In times when LGBTQ history is barely taught and discussions of the community are banned from many classrooms, free accessible resources become vital for LGBTQ+ young people. Many of those resources are available on social media platforms like TikTok, Facebook, Twitter, or Instagram. Yet, online spaces are also at risk of perpetuating phobias or spreading misinformation.
TikTok recently made news when they announced they would ban misgendering and deadnaming from their platform. The platform’s Community Guidelines which went into effect March 7 ask their users to not post, upload, stream, or share “content that targets transgender or non-binary individuals through misgendering or deadnaming.”
The guidelines also include a ban on hate speech based on protected attributes such as sex, gender, caste, or religion. However, they allow for the use of certain terms if they occur for educational purposes or are reclaimed within the specific community. Instagram, on the other hand, never clarifies “hate speech” in their community guidelines. However, they encourage users not to discriminate based on sex or gender. Yet, they ban photos of “female nipples,” unless shown while breastfeeding or “post-mastectomy, breast cancer awareness or gender confirmation surgery.”
The media watchdog organization GLAAD published a report in 2021 in which they analyzed the occurrences of hate speech on social media. Even though the least amount of hate speech was reported on TikTok and the most was reported on Facebook, GLAAD CEO Sarah Kate Ellis told Axios in 2021: “They are categorically unsafe, across the board.“
Despite GLAAD’s pronouncement, social media, when used carefully, is still a valuable way to get LGBTQ+ information, history, and news to those who need it most, as well as a way for community members to find one another. Here are a few accounts that showcase the diversity of the LGBTQ+ community through news, history, information, and more.
“Rainbow History Class” (@rainbowhistoryclass) is the go-to source for “the queer and trans history you don’t get in school.” Based in Australia, the account debunks myths such as the “gay” single earring, or “the 5 World Events Queer People Have Been Blamed For.” Did you, for example, know about the 1990 Bisexual Manifesto that was published in the magazine “Anything That Moves”? The Bay Area Bisexual Network wrote it to address the lack of progress that has been made in society for bisexual people as opposed to lesbians and gays.
“Openly” (@openlynews) is the account of Openly News, an initiative by the Thomas Reuters Foundation. The account covers global LGBTQ+ issues, compares LGBTQ+ rights, and has cultural and educational content. One recent post detailed the more than 60 transphobic bills proposed in the United States in 2022, including 19 bills aiming to restrict gender-affirming healthcare for minors. Many of the journalists for Openly also have their own social media accounts.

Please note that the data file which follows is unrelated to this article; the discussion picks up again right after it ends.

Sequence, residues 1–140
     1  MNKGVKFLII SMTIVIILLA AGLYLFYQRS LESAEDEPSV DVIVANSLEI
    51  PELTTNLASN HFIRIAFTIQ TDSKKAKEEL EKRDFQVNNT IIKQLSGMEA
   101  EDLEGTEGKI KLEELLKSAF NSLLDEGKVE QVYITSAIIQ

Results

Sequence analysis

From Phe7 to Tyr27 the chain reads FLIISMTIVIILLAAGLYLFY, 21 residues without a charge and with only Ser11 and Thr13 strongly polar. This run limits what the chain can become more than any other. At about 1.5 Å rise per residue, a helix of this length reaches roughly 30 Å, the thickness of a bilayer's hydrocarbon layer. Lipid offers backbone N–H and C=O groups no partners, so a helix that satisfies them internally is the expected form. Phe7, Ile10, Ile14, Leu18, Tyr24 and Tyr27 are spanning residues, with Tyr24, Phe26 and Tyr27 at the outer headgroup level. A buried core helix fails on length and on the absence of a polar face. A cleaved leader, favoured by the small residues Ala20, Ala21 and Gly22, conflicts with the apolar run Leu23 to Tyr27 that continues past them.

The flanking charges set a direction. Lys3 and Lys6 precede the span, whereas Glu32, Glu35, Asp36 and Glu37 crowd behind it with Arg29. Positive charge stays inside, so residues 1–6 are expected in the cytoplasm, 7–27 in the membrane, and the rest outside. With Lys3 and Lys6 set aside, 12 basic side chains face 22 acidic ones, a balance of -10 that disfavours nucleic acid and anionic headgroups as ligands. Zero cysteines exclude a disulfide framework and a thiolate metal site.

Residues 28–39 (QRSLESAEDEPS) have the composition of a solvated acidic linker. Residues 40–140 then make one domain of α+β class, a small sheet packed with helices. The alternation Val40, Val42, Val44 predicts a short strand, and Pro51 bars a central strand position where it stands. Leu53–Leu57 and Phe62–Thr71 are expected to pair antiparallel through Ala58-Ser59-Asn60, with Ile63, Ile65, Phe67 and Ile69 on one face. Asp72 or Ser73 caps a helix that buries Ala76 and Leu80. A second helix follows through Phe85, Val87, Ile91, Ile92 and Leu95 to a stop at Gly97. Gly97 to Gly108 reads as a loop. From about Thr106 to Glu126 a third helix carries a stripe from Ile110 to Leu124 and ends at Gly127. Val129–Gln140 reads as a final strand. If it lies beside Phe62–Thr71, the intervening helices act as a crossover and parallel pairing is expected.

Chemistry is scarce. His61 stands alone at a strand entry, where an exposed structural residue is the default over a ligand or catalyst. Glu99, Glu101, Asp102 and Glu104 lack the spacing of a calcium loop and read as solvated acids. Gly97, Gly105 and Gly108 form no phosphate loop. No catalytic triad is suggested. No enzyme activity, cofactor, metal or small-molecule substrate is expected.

“It gets better” (@itgetsbetter) is the answer to “Don’t Say Gay.” The 2010 founded non-profit was a social media campaign to empower queer youth. Dan Savage and Terry Miller started the online campaign enraged by increased suicides among LGBTQ youth. Since then, the campaign has grown into an online movement with supporters such as the Obamas. Their TikTok account addresses a variety of topics, but it primarily focuses on the positive re-affirmation in LGBTQIA+ identities — specifically for youth — in parts of the country and world where such identities are being currently undermined. For example, the account tells how author Hans Christian Anderson was bi-romantic and wrote the story of The Little Mermaid as a love letter to a male friend who was married to a woman.
“Cruising” (@cruisingpod) is a podcast about the few remaining lesbian bars in our nation. It is hosted by Sarah Gabrielli, Rachel Karp, and Jennifer McGinity. The trailer states, “In the 1980s there were an estimated 200 lesbian bars open in the US. They existed out of necessity. With far less tolerance and understanding of queer people out in public, there was simply nowhere else to be gay. Today, there are roughly 20 lesbian bars left in the entire country.” This account is a road trip amongst friends for lesbian education purposes.
Charlie Amáyá Scott’s, Tik Tok and Instagram account, @dineasthetics, is about the history, herstory, present, and future of Native peoples. In one post, for example, they explain how the origins of the term Two-Spirit come from the Anishinaabe language, and how the term is not synonymous with being queer or trans. “Two-Spirit is meant to be an all-inclusive term unifying and describing various ‘gender’ and sexual’ identities unique to indigenous communities. Each indiginous community has a unique and complex understanding of ontology that may or may not be similar to understandings of “gender” and “sexuality” and that is okay.”
While GLAAD still deems most social media platforms “unsafe” for queer people, there are some queer diamonds to find out there. The accounts presented above are only a few of those that are made by queer people for queer people. In a small sample poll, PGN found that most Tik Tok users access content through their “For You” page, as opposed to Instagram users who chose their content mostly through following specific accounts. It is important to investigate all social media sources — especially those that report news, general information, and history — for accuracy.